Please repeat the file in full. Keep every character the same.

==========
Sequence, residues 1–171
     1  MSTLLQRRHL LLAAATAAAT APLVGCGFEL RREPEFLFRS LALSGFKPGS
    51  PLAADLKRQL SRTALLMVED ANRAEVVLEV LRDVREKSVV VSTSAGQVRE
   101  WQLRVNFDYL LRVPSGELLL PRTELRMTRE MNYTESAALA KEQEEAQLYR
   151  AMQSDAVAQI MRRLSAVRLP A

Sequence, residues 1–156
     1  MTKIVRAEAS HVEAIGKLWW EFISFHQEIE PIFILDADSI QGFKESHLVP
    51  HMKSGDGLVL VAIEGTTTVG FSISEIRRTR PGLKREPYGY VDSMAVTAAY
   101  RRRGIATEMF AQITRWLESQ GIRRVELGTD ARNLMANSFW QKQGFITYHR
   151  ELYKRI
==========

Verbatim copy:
Sequence, residues 1–171
     1  MSTLLQRRHL LLAAATAAAT APLVGCGFEL RREPEFLFRS LALSGFKPGS
    51  PLAADLKRQL SRTALLMVED ANRAEVVLEV LRDVREKSVV VSTSAGQVRE
   101  WQLRVNFDYL LRVPSGELLL PRTELRMTRE MNYTESAALA KEQEEAQLYR
   151  AMQSDAVAQI MRRLSAVRLP A

Sequence, residues 1–156
     1  MTKIVRAEAS HVEAIGKLWW EFISFHQEIE PIFILDADSI QGFKESHLVP
    51  HMKSGDGLVL VAIEGTTTVG FSISEIRRTR PGLKREPYGY VDSMAVTAAY
   101  RRRGIATEMF AQITRWLESQ GIRRVELGTD ARNLMANSFW QKQGFITYHR
   151  ELYKRI